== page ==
Geopolitical considerations are increasingly viewed as either facilitating or impeding higher education internationalisation. ― AFP file pic
Geopolitical considerations are increasingly viewed as either facilitating or impeding higher education internationalisation. ― AFP file pic

The controversial case of Chinese-funded Confucius Institutes is one prime example. While some Confucius Institutes in certain “democratic” countries, such as the US and the United Kingdom (UK), were shut down, their expansion continues unabated in the Asia Pacific region, revealing different narratives directly impacted by the geopolitical tension.

The concept of academic freedom is increasingly construed through a geopolitical lens, exemplified by the current dynamics between China and countries such as the UK and the US.

Variations in the contexts and cultures of global higher education give rise to diverse interpretations of the freedom to teach, learn, and govern within academia.

The impact of geopolitical concerns on academic freedom extends beyond matters of international cooperation or the freedom to teach and write; it encompasses the challenge of reconciling ideological differences amidst a shifting international order.

The integrity of scientific research is easily compromised when states exert influence. The distinction between soft power and propaganda becomes blurred, and the legitimacy and credibility of research often hinge on the absence of government interference.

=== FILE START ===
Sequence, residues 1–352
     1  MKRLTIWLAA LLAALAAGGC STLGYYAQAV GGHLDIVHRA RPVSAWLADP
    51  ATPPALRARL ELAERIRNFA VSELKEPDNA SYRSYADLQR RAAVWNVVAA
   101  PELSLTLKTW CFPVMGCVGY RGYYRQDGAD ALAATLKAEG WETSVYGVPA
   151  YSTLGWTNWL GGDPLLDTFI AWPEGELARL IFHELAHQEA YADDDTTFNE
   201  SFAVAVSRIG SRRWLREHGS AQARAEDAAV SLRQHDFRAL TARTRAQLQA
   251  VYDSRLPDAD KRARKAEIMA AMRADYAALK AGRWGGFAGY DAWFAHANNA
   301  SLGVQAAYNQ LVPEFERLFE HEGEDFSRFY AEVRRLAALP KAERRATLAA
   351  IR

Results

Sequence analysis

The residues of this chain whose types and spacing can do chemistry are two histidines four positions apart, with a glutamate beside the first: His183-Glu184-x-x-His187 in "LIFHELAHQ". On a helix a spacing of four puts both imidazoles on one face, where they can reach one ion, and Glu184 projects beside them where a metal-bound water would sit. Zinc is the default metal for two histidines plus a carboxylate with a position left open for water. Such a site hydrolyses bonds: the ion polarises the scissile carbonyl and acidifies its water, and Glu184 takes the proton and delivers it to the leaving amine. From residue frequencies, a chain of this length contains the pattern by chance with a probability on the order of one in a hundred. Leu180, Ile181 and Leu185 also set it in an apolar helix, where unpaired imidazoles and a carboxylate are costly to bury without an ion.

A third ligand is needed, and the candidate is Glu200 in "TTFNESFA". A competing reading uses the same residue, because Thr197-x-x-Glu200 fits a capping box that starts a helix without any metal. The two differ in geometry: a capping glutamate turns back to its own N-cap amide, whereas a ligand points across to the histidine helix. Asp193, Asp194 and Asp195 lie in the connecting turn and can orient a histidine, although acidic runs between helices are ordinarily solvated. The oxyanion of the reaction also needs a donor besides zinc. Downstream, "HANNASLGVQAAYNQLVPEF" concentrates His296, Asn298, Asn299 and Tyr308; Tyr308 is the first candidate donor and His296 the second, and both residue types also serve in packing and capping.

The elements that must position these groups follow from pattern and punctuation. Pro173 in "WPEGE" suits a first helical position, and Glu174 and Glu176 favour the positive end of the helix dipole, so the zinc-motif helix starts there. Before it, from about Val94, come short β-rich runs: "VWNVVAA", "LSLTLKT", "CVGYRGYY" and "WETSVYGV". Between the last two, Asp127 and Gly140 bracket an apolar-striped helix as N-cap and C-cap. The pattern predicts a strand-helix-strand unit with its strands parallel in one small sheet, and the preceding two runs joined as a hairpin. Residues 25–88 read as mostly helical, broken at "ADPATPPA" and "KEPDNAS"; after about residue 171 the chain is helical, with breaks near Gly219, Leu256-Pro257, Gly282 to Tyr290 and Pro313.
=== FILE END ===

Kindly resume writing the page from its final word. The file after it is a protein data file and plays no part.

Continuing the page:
Despite a shared acknowledgement of the importance of granting higher education institutions the autonomy to foster science diplomacy through research and education, government officials persist in exploiting these institutions to advance self-serving geopolitical agendas.

Amidst escalating geopolitical tensions, governments, research institutions, and individuals within established scientific systems face an expanding array of risks and challenges posed by states deemed violators of international norms.

While some argue that universities should refrain from collaborating with such countries, a blanket cessation of cooperation fails to account for the nuances between foreign policy and national politics.

This dilemma presents individuals pursuing education and research with a complex quandary: should they “pay” for geopolitical reasons?

In today’s turbulent geopolitical climate, it is imperative for universities and academics to assert their role in shaping international relations through higher education and research.

As higher learning institutions, universities are dedicated to nurturing an environment where scientific knowledge can thrive free from external pressures.

Recognising the fundamental disparities in political systems, ideologies, and values globally can engender disagreements and conflicts.

It is crucial, therefore, to openly discuss how these differences intersect with the realm of academic freedom.

Only through such discourse can universities and scholars navigate the complexities of geopolitical realities while upholding their commitment to intellectual autonomy and scholarly integrity.

* Khoo Ying Hooi, PhD is an Associate Professor at the Department of International and Strategic Studies, Faculty of Arts and Social Sciences, Universiti Malaya.

**This is the personal opinion of the writer or publication and does not necessarily represent the views of Malay Mail.